Investigation into the optimal utilization of novel risk factors for IHD risk stratification in women is needed.
The FRS is used to classify patients’ 10-year risk of CAD death or MI to determine the appropriate level of therapeutic intervention for both LDL cholesterol and hypertension (66-67). Patients at highest risk should receive the most intensive therapeutic and lifestyle recommendations (i.e., secondary prevention goals). However, the FRS classifies >90% of women as low risk, with very few assigned high risk status before age 70 (41). The FRS is best used to risk stratify populations and underestimates individual patient risk, notably for women (43-45).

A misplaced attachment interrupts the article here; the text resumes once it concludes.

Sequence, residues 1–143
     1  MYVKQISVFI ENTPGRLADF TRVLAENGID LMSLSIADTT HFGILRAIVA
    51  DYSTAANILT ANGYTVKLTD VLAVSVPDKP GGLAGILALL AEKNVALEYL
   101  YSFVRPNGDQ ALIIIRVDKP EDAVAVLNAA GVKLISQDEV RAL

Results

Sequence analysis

The Reynolds risk score is a sex-specific tool recently devised from large derivation (n=24,588) and validation (n=8,158) cohorts of women (68). This score uses the following equation: 0.0799 × age + 3.137 × natural logarithm (systolic blood pressure) + 0.180 × natural logarithm (hsCRP) + 1.382 × natural logarithm (total cholesterol) − 1.172 × natural logarithm (high-density lipoprotein cholesterol) + 0.134 × hemoglobin A1c (%) (if diabetic) + 0.818 (if current smoker) + 0.438 (if family history of premature MI). When compared to the FRS, use of the Reynold’s score resulted in risk re-classification in >40% of intermediate FRS women (68).